Subsequent modeling suggests that in the north tower the internal trusses supporting the building's concrete floors failed as a result of heat-induced warping. This placed additional stress on the bunched core columns, which themselves were losing integrity from both impact damage and heat. When the core columns gave out on one of the impact floors, this floor collapsed into the floor below. Once the collapse started, it was unstoppable; the huge mass of the falling structure had sufficient momentum to act as a battering ram, smashing through all the intact floors below. This theory is supported by witnesses from within the tower stating they heard "something like a heavy freight train approaching". There is some visual evidence that it was the core that collapsed first. It can be seen in videos that the large antenna, which was built on top of the core, starts downward a fraction of a second earlier than the rest of the building.

In the south tower, heat warping weakened the single-bolt connections between the floorplates and the initially intact external columns surrounding the impact hole, effectively creating a "hangman's drop" for that portion of the building above the point of failure. Eventually, the gravity load on these bolts increased beyond the breaking point as the joins, floorplates and columns weakened. Again, the momentum of the collapsing structure was sufficient to smash everything below it.

Design criticisms

The collapse of the towers set off intense debates within the structural engineering and architectural professions, with no clear end in sight. The largest camp appears to be those who feel the towers did well under the circumstances by standing long enough for the majority of occupants to escape. A large and apparently growing minority takes exception to that view.

Their criticisms of the WTC design feature five main points:

  1. Longspan floors supported by external columns are inherently weaker than the traditional box frame column/girder arrangement with internal walls.
  2. The bunching of all internal columns in a relatively narrow center shaft in a building is an "all your eggs in one basket" configuration-- if that region on any floor is catastrophically damaged (as it certainly was by the fire in the north tower), the entire building is doomed. This stands in stark contrast to earlier generations of skyscrapers which utilize full skeletons of stepped columns, usually one row approximately every twenty-five feet from the center to the perimeter.
  3. The World Trade Center exclusively used lightweight materials, especially in the facade. Had the WTC facade contained even minimal masonry elements and/or traditional heavy steel outermost column rows, it is unlikely the aircraft would have cleanly penetrated to the core of each tower— a significant portion of debris and jet fuel would have remained outside, a much different scenario.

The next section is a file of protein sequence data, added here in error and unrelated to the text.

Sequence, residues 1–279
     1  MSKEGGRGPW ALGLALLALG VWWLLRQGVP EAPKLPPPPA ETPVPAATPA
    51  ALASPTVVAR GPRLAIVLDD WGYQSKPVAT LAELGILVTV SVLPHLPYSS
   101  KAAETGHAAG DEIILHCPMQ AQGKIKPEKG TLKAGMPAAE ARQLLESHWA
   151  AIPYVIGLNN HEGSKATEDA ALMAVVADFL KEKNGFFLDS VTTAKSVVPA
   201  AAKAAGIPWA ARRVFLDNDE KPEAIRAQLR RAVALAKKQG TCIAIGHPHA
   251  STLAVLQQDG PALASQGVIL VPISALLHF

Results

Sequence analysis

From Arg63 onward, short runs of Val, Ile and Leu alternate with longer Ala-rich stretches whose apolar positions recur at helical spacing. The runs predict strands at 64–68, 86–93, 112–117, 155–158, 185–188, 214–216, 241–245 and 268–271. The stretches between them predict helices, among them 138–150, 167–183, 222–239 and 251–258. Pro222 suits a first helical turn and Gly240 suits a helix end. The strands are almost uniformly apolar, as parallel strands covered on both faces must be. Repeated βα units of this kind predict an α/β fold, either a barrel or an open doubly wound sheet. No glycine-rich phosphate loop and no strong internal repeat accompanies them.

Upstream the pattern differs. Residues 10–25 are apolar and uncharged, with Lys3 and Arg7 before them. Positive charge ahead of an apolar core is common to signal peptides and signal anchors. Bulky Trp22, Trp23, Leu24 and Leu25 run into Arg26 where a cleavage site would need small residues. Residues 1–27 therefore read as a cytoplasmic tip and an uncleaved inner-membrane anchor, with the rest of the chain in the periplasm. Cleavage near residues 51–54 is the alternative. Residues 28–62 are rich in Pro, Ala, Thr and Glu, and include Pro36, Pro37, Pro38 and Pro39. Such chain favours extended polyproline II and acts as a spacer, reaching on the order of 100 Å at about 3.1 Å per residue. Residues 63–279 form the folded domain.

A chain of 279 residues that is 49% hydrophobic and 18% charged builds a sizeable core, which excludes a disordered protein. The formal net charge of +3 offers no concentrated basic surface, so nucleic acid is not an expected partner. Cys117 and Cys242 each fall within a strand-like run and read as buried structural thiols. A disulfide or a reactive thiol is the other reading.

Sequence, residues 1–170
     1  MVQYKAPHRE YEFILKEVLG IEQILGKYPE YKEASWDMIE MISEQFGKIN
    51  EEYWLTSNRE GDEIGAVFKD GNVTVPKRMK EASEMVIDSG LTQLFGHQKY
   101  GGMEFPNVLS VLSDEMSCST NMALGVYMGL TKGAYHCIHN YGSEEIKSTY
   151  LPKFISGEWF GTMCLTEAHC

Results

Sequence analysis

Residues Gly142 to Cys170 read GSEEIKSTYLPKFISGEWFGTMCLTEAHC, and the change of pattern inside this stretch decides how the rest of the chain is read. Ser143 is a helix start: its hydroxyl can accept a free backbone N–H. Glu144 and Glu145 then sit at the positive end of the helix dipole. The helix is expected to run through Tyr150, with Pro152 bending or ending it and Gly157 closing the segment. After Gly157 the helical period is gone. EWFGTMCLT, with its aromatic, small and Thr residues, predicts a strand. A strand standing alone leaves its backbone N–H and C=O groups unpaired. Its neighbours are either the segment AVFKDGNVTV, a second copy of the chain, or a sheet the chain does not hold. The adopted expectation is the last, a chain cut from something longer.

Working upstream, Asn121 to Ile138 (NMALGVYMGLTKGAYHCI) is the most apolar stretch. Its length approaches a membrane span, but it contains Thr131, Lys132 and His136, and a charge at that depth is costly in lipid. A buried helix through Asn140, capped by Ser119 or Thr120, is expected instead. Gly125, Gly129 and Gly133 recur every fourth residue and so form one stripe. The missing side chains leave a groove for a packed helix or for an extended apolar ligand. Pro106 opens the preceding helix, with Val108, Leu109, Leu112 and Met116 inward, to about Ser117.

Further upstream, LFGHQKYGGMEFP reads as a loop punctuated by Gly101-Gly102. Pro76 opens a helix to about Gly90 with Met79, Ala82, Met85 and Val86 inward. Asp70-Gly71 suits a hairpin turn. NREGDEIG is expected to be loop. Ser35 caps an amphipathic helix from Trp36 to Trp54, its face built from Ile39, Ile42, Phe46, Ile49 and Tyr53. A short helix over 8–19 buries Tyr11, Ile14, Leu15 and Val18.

4. Single-bolt connections binding the longspan floorplates with the load-bearing external columns were extremely lightweight for their assigned task. One study group from the Massachusetts Institute of Technology has concluded the proximal cause of the south tower collapse was failure of these bolts in the southeast corner of the building. Double-bolts should have been used.
  5. The use of gypsum cladding instead of reinforced concrete to shield stairwells. Almost all skyscrapers, including those built since the WTC, shield stairwells in reinforced concrete. On September 11th, it was the collapse of all stairways above the impact level that consigned all people above the impact zone in Tower One to death. Tower Two had two of its three stairwells taken out above the impact area by the plane. Some people above the impact zone survived, as they used the third stairwell. Computer models have shown that most of the stairwells in both towers would likely have remained usable until the general collapse had they been shielded in concrete.

Some see the WTC as an irresponsible experiment in lightweight, rent-space-maximized construction and place particular opprobrium on Leslie E. Robertson, its Chief Structural Engineer. Others see it as a landmark in structural engineering simply in need of refinement due to unforeseen, and probably unforeseeable, variables.

One of those variables was the size and kinetic energy of aircraft that might accidentally strike the WTC. No one imagined intentional strikes. Mr. Robertson and others involved in design and construction of the WTC have repeatedly stated that back in the 1960s they could not have planned for the jetliners of 2001. Specifically, they modeled the effects of a hit by the largest aircraft of the day, the Boeing 707-320, and presumably calibrated their design to withstand it. Yet a comparison of the 707-320 with the Boeing 767-200's that struck the towers shows surprisingly small differences between them and, factoring in the 707's higher typical cruise speed, a case can be made that the design team actually modeled an aircraft with greater kinetic energy than those which struck:

Parameter Boeing 707-320 Boeing 767-200
fuel capacity 23,000 US gal 87,000 L 23,980 US gal 90,780 L
max takeoff weight 333,600 lb 151,300 kg 387,000 lb 175,500 kg
empty weight 146,400 lb 66,400 kg 164,800 lb 74,800 kg
wingspan 145.75 ft 44 m 156.08 ft 48 m
wing area 3010 ft² 280 m² 3050 ft² 283 m²
length 152.92 ft 47 m 159.17 ft 49 m
cruise speed 557 mph 896 km/h 530 mph 853 km/h

According to the Federal Emergency Management Agency, however, WTC towers 1 and 2 were designed to withstand the impact of a 707 lost in fog, looking to land. The modeled aircraft was a 707 weighing 263,000 lbs with a flight speed of 180 mph, as would be used in approach and landing situations ([1] (, page 17). The 767s that actually hit the towers had a kinetic energy more than seven times the modeled 707 impact.

The 9/11 Commission, in its final report, did not address the question of whether bin Laden and the other masterminds of the plot planned on, or even suspected, that the attacks would result in the collapse of the towers. No information has been released by the U.S. government indicating whether interrogators of Khalid Sheikh Mohammed have addressed this issue. Given the complexity of the variables, it seems improbable that the al Qaeda leadership could have anticipated that the steel cores and superstructures would melt as they did, and that the buildings would collapse so quickly after impact.